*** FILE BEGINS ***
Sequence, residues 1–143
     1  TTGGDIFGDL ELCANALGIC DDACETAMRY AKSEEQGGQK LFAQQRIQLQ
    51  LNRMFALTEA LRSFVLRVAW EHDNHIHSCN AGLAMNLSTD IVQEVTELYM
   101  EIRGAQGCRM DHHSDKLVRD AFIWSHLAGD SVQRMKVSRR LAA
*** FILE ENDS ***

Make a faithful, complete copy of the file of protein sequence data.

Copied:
Sequence, residues 1–143
     1  TTGGDIFGDL ELCANALGIC DDACETAMRY AKSEEQGGQK LFAQQRIQLQ
    51  LNRMFALTEA LRSFVLRVAW EHDNHIHSCN AGLAMNLSTD IVQEVTELYM
   101  EIRGAQGCRM DHHSDKLVRD AFIWSHLAGD SVQRMKVSRR LAA